"I don't think we can earn holiness, though." Katie again, leaning over the back of her seat to look at us.
"I'm not so sure about that, Ka---Miss Ward. Think about it: look at the saints, or the apostles. Here are completely ordinary people, who encounter God, or even go searching for him, and usually after a life of struggle and pain, they become holy." I paused for a moment, trying to decide whether or not to bring up my next argument. I decided to go ahead and plunge in. "I mean, that's the whole point behind shrines and relics, right? The person became holy, possibly enough to to even modify their environemnt. So you want a piece of that, right?"
"Follow the holy gourd of Antioch, man!" Luke again, of course. He cracked up laughing, as did a few of my classmates. I smiled a bit, catching his reference, but pursued the train of thought. "Seriously though, it's said that even bits of cloth that were blessed by St. Peter could heal, as could his shadow passing over a sick person. That sounds like how we're talking about holiness."
"Oh come on, that's just superstition and tradition. Where'd that come from anyway, the Apocrypha?" That would be Mandy Thompson, sitting off to the side, and occasionally tossing caustic comments into the classroom discussions.
My first impulse was to mock her ignorance; I could even give her chapter and verse if I took a moment to look it up. "No, Mandy, it's from Acts. Look it up if you want."
"Ok, class, I think we need to reign this in a little." Dr. Kendall turned back to the blackboard and began scribbling. What is holiness? How does something become holy? What does it mean that God is holy?
Glancing at the clock, he sighed. "Ok, not enough to get into this discussion. We'll resume next week. However, I do want you all to write down these questions. Think about them, write about them, and for your own sake, research them. Ok? Good. Take the last few minutes to write the questions down somewhere. Next week, you have your regular homework, plus-" a loud groan erupted from the class. "Hey, you're here to learn, don't blame me. Plus, a one page response to these questions. Just so that I know you've been thinking about them. Class dismissed."
I walked out of the small chapel building where we had class, and headed across the green lawn to the library. It was only 2 pm, and I still had plenty of time to do some research before my next class. I looked up Augustine and Gregory of Nyssa in the library catalog, and came up with a few book records that looked promising.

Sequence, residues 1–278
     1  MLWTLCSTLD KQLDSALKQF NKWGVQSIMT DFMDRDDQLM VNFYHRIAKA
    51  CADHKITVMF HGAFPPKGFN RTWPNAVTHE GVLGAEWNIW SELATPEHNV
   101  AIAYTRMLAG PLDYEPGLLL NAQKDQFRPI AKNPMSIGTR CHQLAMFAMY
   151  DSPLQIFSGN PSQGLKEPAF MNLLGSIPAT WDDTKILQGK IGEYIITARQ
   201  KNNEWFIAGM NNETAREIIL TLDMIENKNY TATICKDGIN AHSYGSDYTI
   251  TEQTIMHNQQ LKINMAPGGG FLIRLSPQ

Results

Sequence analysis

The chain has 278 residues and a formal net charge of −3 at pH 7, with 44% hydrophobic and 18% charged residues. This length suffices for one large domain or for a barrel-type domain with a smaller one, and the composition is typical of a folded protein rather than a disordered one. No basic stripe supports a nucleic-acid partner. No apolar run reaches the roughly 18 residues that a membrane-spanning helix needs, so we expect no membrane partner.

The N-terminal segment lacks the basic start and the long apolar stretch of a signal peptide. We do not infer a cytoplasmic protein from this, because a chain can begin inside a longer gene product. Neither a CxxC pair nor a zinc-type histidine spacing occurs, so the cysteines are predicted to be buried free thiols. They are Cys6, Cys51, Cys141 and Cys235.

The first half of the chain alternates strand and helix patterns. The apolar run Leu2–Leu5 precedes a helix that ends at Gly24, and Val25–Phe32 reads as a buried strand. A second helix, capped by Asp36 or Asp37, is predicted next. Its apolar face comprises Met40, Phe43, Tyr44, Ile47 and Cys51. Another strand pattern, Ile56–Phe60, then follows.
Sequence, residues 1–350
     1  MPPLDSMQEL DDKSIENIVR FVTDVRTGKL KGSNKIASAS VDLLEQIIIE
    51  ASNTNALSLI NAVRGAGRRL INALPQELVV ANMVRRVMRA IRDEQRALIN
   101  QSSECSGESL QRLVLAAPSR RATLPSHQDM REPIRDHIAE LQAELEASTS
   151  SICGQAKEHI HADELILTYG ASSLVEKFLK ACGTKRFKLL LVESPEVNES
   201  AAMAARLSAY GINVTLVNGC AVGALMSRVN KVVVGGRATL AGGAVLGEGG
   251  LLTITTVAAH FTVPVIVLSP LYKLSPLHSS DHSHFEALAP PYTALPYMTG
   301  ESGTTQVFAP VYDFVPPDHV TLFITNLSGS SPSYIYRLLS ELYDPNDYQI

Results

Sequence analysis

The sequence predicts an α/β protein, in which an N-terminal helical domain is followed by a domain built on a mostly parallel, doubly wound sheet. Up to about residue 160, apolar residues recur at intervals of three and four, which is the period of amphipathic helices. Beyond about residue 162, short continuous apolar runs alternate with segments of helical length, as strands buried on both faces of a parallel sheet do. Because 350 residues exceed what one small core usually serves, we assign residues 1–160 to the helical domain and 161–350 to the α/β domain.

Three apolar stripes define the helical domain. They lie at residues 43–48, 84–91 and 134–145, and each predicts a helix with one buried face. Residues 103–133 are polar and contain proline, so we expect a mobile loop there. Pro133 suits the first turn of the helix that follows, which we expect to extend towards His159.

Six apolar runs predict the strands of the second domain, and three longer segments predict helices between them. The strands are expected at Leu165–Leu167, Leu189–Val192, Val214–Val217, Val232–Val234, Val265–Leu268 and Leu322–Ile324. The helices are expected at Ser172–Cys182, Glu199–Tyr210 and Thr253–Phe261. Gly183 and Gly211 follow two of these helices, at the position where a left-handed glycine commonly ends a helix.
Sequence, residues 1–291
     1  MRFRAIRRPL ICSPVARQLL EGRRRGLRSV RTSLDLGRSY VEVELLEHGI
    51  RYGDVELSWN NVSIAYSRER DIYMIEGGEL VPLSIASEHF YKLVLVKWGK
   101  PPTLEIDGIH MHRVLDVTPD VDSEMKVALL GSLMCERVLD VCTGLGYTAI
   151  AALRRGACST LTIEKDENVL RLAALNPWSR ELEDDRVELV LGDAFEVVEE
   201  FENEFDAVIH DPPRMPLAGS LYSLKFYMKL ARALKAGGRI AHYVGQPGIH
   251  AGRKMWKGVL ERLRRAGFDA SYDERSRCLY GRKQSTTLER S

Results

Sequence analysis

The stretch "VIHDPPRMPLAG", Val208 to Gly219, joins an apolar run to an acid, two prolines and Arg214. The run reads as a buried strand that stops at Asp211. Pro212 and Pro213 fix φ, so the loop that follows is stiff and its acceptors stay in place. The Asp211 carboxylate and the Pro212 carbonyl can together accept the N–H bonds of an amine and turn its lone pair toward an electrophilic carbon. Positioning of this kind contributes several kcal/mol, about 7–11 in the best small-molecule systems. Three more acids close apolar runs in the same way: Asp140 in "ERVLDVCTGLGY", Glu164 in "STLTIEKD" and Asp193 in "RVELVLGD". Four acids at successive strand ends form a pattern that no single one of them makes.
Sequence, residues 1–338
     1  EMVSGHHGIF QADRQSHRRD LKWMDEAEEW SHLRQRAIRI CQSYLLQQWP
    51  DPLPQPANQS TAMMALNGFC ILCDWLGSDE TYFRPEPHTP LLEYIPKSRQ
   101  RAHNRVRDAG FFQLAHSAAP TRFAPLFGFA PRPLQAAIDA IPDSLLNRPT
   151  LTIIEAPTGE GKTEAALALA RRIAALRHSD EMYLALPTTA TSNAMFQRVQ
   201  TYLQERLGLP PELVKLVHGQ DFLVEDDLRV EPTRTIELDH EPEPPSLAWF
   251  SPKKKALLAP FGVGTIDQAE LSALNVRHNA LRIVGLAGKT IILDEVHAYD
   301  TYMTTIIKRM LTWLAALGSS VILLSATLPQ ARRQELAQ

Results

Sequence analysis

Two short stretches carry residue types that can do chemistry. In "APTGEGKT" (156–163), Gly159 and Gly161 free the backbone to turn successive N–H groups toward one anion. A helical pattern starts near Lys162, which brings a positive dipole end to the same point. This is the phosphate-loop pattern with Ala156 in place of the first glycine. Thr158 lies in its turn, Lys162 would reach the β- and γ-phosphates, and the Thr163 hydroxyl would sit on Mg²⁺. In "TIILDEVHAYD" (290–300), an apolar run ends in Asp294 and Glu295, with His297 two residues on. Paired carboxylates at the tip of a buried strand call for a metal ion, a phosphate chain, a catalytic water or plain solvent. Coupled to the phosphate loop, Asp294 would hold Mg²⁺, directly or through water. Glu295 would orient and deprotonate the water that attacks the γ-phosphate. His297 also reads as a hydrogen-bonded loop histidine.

I went upstairs to the section that held the books I was looking for, but one of the books was missing, even though the catlog had listed it as being recently returned. I gathered up the other books I needed, and turned to go; I heard a slight squeak from a few rows away. As I peered between the books, I saw the beige cart the librarians used for reshelving the books. Angie was there as well, scanning the shelves for the correct placement for a small hardbound book she held.
"Hey Anj."
"Oh, hey Jason. What's up?" She finally found the spot she'd been looking for, and shoved the book into place on the overfull shelf. "I hate Library of Congress system. It may be great for storing things, but it's really terrible for finding things. Give me Dewey Decimal any day."
I chuckled quietly. "What's funny," she asked. "Oh, you, actually. I never met anyone before who had strong feelings for the Dewey Decimal system."
"Yeah, well, ask any librarian. Most of them have strong feelings one way or the other."
"I never knew that. Although, I don't guess there's any reason why I should have." I remembered why I'd come up to the library in the first place. "Hey, I'm trying to find this copy of Augustine, the catalogue said it'd been recently returned, but it wasn't on the shelf yet." I showed her the scrap of paper with the book number and location on it.
"Hmmm...which title is it?"
"Um...Bonum Vita."
"Oh! Yes, that one just came back in. I'd love to know who checked it out, it rarely gets read. Everybody wants to do Confessions, or Civitas Dei; one or two want Christian Teaching." She pulled out a battered, aged red volume from her cart and handed it to me. "There you go. Let me know what you think of it. It's really good; plus, it rocks, because Monica gets all the best lines."
"Ha! Well, that sounds like Augustine."
"Humph, like Augustine indeed. It sounds like Monica."
"Why do you do that?" I rested my books on a nearby shelf.
"Do what?"
"Talk like you know what Monica was like. What she would have sounded like. All you know is what we know from Augustine."
"True enough. But why would he lie about what she was like? After all, much of what is best in Augustine would have come from his mother. I odn't really think you want to keep carrying those around all day, and I'm about to get off work. Want to head down to the cafŽ with me?"
"Sure, that'd be great! Provided I get to have an answer."
"Ha, you think you can keep me from a good argument? Good luck! Ok, I gotta finish up here really quick and put the cart back. Go get your books checked out, and I'll meet you in front of the library, ok?"